Windows IIS Servers Compromised
Expired Certificate Notice Pages Were Added to the Servers Prompting Visitors to Download a Malicious Phony Installer.
Windows IIS servers were compromised by threat actors to add expired certificate notification pages asking visitors to download a malicious fake installer.
The Internet Information Services (IIS) is Microsoft Windows web server software included with all Windows versions since Windows 2000, XP, and Server 2003.
The message shown on the malicious certificate expiration error pages reads:
Detected a potential security risk and has not extended the transition to [sitename]. Updating a security certificate may allow this connection to succeed. NET::ERR_CERT_OUT_OF_DATE.
The researchers at Malwarebytes Threat Intelligence noticed the fact that the malware was actually installed by making use of a fake update installer that was signed with a Digicert certificate.
TVRAT, also known as TVSPY, TeamSpy, TeamViewerENT, or Team Viewer RAT is the payload being dropped on the infected systems.
TVRAT is a malware designed to provide its operators full remote access to the infected hosts that works by silently installing and launching an instance of the TeamViewer remote control software.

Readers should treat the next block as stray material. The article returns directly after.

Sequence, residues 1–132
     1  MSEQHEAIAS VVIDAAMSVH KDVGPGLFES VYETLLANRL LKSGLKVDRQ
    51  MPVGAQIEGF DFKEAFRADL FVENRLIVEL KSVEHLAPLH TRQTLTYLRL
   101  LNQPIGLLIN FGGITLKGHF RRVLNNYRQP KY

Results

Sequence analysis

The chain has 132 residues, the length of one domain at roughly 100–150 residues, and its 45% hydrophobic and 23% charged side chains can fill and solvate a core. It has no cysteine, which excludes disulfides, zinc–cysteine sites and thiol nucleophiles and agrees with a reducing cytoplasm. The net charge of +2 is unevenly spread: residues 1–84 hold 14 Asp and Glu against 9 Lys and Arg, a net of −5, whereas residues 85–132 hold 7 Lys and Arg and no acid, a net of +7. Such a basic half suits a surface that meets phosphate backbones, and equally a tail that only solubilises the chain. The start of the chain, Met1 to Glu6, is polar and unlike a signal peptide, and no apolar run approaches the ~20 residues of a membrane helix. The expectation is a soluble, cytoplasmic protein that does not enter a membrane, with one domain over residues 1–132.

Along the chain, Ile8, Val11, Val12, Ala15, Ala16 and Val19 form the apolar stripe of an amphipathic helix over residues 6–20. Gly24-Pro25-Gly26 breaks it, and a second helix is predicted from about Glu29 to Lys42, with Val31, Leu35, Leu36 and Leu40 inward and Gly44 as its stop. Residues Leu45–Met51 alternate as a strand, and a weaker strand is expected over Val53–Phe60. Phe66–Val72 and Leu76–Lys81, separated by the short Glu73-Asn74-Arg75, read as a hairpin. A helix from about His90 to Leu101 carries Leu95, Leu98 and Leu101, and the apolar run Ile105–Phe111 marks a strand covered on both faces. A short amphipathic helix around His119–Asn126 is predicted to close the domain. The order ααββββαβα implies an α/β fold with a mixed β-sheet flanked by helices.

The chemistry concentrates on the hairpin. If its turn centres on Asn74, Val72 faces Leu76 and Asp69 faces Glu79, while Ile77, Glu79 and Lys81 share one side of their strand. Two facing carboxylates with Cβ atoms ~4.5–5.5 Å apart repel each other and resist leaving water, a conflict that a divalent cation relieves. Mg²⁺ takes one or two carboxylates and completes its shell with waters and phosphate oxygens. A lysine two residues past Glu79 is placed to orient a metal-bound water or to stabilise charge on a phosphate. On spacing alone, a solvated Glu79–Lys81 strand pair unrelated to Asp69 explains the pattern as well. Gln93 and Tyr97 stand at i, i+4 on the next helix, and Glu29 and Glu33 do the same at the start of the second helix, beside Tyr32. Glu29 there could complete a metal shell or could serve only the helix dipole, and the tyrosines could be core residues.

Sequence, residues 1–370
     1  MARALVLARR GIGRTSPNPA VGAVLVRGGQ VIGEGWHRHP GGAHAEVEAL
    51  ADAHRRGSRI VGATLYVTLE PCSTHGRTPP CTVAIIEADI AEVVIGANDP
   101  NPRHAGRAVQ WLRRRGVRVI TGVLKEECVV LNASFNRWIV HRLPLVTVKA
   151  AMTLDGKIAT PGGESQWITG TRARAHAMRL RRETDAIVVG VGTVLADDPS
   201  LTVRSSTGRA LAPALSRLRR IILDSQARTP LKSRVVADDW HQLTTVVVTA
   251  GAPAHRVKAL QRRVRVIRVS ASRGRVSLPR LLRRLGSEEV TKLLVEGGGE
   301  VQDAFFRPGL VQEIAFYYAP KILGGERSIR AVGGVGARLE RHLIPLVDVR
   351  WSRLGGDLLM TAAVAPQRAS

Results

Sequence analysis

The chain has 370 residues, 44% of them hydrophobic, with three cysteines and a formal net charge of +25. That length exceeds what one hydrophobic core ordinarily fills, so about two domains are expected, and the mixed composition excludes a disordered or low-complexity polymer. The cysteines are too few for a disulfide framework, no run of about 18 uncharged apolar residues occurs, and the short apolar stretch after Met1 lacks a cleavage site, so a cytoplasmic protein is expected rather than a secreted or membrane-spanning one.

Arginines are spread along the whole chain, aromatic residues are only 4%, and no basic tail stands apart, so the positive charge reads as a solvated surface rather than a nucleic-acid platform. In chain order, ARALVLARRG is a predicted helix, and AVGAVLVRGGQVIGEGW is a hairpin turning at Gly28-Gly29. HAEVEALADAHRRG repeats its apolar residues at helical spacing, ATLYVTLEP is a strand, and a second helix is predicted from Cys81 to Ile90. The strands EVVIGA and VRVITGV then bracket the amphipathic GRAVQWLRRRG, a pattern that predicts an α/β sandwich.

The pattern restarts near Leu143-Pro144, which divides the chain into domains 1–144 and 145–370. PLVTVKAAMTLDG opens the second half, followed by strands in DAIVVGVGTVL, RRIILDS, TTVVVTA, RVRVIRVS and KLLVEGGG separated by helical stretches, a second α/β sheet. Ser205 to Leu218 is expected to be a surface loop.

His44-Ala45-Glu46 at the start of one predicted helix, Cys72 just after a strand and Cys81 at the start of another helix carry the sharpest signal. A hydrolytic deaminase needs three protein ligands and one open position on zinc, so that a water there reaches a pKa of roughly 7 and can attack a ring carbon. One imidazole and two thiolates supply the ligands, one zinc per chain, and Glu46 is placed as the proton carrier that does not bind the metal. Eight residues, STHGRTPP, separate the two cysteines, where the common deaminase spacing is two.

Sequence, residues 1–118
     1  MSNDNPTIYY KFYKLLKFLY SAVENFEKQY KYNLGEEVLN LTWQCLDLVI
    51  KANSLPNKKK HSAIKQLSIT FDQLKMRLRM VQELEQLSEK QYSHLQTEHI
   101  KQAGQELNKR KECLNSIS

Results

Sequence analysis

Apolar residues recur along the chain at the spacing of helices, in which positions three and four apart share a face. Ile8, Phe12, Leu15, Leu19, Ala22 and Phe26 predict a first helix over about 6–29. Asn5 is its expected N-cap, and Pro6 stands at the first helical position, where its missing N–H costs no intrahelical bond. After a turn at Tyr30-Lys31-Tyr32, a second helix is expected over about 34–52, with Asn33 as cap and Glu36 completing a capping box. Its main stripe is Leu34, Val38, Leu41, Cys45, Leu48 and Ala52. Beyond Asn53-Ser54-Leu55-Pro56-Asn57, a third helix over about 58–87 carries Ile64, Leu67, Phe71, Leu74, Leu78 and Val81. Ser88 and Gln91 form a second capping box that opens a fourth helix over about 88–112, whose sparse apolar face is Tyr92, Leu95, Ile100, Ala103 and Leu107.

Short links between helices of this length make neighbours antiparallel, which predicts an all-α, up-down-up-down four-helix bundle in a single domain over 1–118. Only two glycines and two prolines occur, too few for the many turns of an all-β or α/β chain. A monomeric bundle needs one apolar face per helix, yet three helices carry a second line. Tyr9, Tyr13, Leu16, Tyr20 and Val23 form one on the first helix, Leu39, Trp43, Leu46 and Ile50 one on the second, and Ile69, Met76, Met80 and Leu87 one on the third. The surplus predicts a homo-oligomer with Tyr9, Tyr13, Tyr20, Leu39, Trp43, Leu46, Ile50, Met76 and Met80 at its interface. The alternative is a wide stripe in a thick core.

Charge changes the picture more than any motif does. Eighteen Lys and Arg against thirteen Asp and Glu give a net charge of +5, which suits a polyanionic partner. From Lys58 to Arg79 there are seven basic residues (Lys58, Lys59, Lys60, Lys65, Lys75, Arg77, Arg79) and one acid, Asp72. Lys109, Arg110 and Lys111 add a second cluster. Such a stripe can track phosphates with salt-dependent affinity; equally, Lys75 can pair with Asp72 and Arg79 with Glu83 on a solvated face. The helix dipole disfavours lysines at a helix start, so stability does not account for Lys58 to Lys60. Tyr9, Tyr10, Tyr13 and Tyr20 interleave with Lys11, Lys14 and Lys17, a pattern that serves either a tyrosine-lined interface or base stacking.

RATs are harmful applications that allow hackers to get access to, monitor, and control computers that have been infected.
The key distinction between such lawful apps and RATs is that RATs are installed without the user’s knowledge. It’s worth noting that TVRAT is also known as TeamViewer, and it hides in the system by adopting the name of a genuine remote administration program.
TeamViewer server will reach out to a command-and-control (C2) server, in this way letting the attackers know that they can remotely take complete control of the newly compromised computer.
The TVRAT malware was noticed first back in 2013 when it was delivered via spam campaigns as malicious attachments that tricked targets into enabling Office macros.
While the mechanism adopted by the attackers to compromise IIS servers is unknown, attackers may compromise a Windows IIS server in a number of ways.
For example, the attack code for a serious wormable vulnerability discovered in the HTTP Protocol Stack (HTTP.sys), which is utilized by the Windows IIS web server, has been available publicly since May.
Since then, there hasn’t been any malicious activity using this vulnerability in the wild, and most prospective targets were likely protected from assaults because home users with the most recent Windows 10 versions would’ve upgraded, and businesses don’t often use the most recent Windows Server versions.
However, in the past, state-sponsored threat actors have used a variety of different vulnerabilities to attack internet-facing IIS servers.
The operators behind the activity targeted Windows internet-facing servers, using mostly deserialization attacks, to load a completely volatile, custom malware platform tailored for the Windows IIS environment.